It also galled him that they owed everything to Jeremy "I'm not a neo-Nazi anymore, really" Dumont. When they'd had to move, Guy was unemployed, they'd just put two kids through college, including Joe's medical schooling, and Teff worked at the morgue. Selling the truck, the house, and almost all their possessions meant they didn't have enough for everyone - especially not when you threw in Aaron and his husband Ripp. Six people.
So Teff had gone to Dumont and begged politely for help. Everyone knew the Dumonts were filthy rich. Guy and Teff were in agreement on this - they needed jobs, and fast, to pay back the debt. Neither of them liked being indebted to anyone. But Dumont paid for all of them to come out here, bought them a truck, bought Aaron and Ripp their own house, bought this house for Guy and Teff and Joe and Ryan. Not to mention the furniture that went with it.
It had been a very tense trip to Montana, with everyone knowing about the Dumont deal. Joe tried to lighten the mood - what a good kid, that Joe - asking Teff and Ryan about life when they were kids, that kind of thing. Guy pretended he'd heard these stories already. Some of them, he vaguely remembered; maybe Teff had told him once before, long ago. Others were new.
Why hadn't he asked these questions himself? Why did they have to move out here of all places?
And yet - Teff was happy. Guy could tell: Teff was happier than he'd been in years. His face seemed less lined, he smiled more... which made it harder for Guy to voice his complaints. The move agreed with Teff. Why doesn't it agree with me?
~ ~ ~
"Hey, Joe, heard you've finally gotten settled in. Great to see you guys again!"
"Thanks, Ray. Got a new look, huh?"
Ryan felt his stomach starting to knot and tried to calm down. All these people from the Outskirts - what kind of a name was that, for a town? - they all knew each other, and he was the newcomer. It was like being the one new kid at a party, and everyone else had their circle of friends.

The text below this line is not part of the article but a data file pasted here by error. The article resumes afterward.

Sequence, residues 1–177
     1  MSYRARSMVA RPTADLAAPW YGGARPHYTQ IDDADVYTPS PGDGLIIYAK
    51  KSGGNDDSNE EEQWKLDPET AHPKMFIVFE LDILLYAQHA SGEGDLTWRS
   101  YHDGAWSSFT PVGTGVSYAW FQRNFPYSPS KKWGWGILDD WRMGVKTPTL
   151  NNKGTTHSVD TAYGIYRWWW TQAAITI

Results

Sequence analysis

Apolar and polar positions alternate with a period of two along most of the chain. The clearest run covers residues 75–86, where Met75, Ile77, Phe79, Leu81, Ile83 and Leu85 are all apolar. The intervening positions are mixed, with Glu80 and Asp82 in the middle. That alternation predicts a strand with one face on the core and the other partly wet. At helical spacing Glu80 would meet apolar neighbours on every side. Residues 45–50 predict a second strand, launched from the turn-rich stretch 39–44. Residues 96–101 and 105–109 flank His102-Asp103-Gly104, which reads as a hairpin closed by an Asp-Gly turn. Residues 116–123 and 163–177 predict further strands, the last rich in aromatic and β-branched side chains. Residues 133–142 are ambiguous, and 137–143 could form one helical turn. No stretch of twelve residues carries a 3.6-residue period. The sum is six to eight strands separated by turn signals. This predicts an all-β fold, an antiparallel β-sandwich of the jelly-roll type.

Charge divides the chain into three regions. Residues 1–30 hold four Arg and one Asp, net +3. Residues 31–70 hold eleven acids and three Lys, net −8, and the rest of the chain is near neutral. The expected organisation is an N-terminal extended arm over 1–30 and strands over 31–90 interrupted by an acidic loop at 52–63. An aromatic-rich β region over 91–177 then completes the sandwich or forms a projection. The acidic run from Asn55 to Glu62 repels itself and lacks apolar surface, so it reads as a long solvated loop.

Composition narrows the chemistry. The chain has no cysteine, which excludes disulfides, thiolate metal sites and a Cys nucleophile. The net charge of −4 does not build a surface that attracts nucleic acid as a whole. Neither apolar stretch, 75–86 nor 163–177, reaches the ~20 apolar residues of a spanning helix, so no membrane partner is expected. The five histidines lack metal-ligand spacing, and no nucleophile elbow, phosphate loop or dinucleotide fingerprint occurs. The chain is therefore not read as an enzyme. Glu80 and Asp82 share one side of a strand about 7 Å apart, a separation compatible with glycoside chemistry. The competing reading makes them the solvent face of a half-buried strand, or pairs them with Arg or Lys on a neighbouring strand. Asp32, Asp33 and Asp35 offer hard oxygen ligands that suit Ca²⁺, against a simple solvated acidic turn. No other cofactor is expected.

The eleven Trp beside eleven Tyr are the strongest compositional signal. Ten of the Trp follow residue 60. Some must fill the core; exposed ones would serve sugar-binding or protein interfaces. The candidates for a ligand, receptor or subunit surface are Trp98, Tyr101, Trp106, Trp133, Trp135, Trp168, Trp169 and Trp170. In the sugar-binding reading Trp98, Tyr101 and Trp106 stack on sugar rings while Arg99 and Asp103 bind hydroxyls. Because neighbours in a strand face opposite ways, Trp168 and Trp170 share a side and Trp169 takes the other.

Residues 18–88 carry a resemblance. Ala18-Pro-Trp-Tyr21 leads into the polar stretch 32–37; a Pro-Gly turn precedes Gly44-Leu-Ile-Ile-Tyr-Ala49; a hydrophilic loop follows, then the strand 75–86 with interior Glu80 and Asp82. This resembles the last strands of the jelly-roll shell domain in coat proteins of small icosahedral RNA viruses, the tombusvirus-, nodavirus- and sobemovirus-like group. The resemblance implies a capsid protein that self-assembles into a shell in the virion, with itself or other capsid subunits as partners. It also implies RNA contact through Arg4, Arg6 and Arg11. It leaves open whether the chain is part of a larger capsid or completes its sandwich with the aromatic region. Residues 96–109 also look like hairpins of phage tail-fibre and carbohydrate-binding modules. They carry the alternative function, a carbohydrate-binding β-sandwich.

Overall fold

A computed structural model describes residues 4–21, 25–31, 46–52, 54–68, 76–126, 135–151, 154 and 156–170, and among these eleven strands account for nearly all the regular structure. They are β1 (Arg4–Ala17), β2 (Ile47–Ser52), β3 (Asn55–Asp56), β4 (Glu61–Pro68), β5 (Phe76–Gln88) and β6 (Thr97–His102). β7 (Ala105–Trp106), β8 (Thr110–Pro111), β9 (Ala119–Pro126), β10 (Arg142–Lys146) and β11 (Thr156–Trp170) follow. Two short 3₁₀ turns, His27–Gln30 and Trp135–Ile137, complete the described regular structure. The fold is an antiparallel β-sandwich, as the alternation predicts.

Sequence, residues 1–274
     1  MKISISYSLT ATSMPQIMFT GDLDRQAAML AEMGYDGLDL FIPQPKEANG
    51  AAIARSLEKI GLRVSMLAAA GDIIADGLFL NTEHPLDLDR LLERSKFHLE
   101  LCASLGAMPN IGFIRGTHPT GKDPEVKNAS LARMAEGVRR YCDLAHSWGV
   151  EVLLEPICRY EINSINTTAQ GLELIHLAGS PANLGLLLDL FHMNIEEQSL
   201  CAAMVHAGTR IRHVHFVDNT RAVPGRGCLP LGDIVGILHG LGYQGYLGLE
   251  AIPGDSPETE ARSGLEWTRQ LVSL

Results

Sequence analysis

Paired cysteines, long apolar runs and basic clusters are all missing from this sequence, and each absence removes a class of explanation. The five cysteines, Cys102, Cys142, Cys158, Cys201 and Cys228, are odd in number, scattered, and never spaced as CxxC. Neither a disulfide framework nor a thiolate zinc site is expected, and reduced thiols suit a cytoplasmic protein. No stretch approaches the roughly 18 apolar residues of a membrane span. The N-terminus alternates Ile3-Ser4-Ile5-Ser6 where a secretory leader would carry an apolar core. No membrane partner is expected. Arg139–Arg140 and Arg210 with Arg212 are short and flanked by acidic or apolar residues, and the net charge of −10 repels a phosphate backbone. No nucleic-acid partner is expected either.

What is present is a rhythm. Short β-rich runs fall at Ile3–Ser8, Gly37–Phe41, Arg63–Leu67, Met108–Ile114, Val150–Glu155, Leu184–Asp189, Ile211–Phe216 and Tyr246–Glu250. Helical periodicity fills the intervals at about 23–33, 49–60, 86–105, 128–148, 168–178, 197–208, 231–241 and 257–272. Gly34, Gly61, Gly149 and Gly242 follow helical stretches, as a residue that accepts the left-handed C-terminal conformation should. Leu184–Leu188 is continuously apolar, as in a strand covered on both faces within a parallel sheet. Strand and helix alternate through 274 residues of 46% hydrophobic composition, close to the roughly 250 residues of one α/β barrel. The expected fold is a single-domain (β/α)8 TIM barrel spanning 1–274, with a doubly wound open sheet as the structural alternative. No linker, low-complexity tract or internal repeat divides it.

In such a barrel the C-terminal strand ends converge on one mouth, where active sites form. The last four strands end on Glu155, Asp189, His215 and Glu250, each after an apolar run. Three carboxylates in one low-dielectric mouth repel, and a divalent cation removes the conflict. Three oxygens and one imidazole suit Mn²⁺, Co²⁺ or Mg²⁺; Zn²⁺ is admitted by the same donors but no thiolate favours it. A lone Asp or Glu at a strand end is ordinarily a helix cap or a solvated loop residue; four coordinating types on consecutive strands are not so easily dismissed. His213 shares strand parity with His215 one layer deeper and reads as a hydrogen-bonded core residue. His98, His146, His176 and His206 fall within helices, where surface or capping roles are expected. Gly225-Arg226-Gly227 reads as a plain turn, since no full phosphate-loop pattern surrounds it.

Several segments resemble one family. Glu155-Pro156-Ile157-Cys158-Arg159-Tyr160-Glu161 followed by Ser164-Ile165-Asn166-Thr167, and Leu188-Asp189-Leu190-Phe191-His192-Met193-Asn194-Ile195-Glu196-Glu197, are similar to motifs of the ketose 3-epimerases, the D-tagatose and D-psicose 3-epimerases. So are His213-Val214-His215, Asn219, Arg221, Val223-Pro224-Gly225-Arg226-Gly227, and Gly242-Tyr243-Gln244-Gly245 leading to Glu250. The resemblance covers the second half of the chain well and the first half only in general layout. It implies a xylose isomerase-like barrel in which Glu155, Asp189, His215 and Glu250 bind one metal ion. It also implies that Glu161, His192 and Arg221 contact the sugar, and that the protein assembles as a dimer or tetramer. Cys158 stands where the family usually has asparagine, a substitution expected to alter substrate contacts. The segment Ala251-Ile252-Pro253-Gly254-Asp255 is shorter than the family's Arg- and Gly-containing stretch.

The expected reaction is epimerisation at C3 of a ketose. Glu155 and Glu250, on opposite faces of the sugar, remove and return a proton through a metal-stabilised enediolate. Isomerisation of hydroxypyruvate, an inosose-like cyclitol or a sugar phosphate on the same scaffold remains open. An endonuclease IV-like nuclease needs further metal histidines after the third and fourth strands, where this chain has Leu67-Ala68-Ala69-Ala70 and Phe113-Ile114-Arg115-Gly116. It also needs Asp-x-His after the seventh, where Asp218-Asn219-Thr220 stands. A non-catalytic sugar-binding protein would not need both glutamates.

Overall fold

And Mr. Marlin - Guy - (Ryan just couldn't bring himself to call him Guy yet, it didn't feel right) - acted so strange. Ryan had a hard time accepting his big brother was, well, in love with another man, but if it made him happy, then Ryan would accept it. Just like he'd accepted that everyone called his big brother Teff, so he'd trained himself to do the same.
Adaptability was important, no, critical in this new time. He might not agree that Teff was married to Guy, but for Teff's sake, he'd not say anything about it. Maybe, in time, he'd understand exactly why Teff had chosen the man he had, because right now, Ryan could not fathom what the attraction was.
It wasn't like he wasn't trying to get along. "Mr. Marlin, sir, I'm taking the truck to town later today, and thought you might like to come along? It's a long walk down those switchbacks."
He'd figured maybe if they had a chance to talk, share war stories, whatever, maybe they'd get along better. Ryan remembered when Billie Parker's mom remarried. Billie was mad, clear through, for a couple weeks, but after the ceremony, she'd just sighed and stopped looking hateful. Ryan'd asked her what was wrong, and Billie just said, "I gotta stop hating him now. Not his fault Dad ran off with the waitress. Momma wants me to get along with him, so I gotta."
But Mr. Marlin just said, cold as ice, "No thanks. I'd rather spend some time alone," and that was that.
Ryan didn't know what to do or say. Teff seemed okay with things, his - husband - was a real dick, and Joe was overworked. Ryan could see that much. Joe was a great guy, easygoing, pretty normal, but had his hands full down at the clinic. It's up to me to figure something out, then.
Unfortunately, Ryan wasn't sure how to go about it.